Verse > Anthologies > Henry Wadsworth Longfellow, ed. > Poems of Places > Scotland
Henry Wadsworth Longfellow, ed.  Poems of Places: An Anthology in 31 Volumes.
Scotland: Vols. VI–VIII.  1876–79.
Nith, the River
My Nanie-o
Allan Cunningham (1784–1842)
RED rowes the Nith ’tween bank and brae,
  Mirk is the night and rainie-o,
Though heaven and earth should mix in storm,
  I ’ll gang and see my Nanie-o;
My Nanie-o, my Nanie-o;        5
  My kind and winsome Nanie-o,
She holds my heart in love’s dear bands,
  And nane can do ’t but Nanie-o.
In preaching time sae meek she stands,
  Sae saintly and sae bonnie-o,        10
I cannot get ae glimpse of grace,
  For thieving looks at Nanie-o;
My Nanie-o, my Nanie-o;
  The world ’s in love with Nanie-o;
That heart is hardly worth the wear        15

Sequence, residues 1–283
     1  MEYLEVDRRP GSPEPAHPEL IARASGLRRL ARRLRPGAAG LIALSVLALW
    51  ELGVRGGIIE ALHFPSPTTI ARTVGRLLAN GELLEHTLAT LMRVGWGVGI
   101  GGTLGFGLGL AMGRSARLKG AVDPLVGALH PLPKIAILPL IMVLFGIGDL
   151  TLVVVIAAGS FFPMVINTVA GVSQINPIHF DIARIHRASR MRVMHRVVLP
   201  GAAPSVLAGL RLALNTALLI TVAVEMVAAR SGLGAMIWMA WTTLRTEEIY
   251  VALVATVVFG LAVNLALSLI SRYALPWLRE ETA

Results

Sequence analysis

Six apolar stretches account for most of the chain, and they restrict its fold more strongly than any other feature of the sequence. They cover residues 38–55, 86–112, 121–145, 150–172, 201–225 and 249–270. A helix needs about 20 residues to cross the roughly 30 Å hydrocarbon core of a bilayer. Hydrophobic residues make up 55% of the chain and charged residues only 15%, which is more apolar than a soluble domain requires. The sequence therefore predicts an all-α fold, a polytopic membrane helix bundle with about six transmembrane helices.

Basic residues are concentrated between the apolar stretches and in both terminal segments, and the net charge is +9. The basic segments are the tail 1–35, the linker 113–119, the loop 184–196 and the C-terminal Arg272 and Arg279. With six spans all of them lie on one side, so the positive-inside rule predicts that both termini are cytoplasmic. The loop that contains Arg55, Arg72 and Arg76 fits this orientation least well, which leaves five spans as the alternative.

That wadna love my Nanie-o.
My breast can scarce contain my heart,
  When dancing she moves finely-o;
I guess what heaven is by her eyes,
  They sparkle sae divinely-o;        20
My Nanie-o, my Nanie-o;
  The flower of Nithsdale ’s Nanie-o;
Love looks frae ’neath her lang brown hair,
  And says, I dwell with Nanie-o.
Tell not, thou star at gray daylight,        25
  O’er Tinwald-top so bonnie-o,
My footsteps ’mang the morning dew
  When coming frae my Nanie-o;
My Nanie-o, my Nanie-o;
  Nane ken o’ me and Nanie-o;        30
The stars and moon may tell ’t aboon,
  They winna wrang my Nanie-o!

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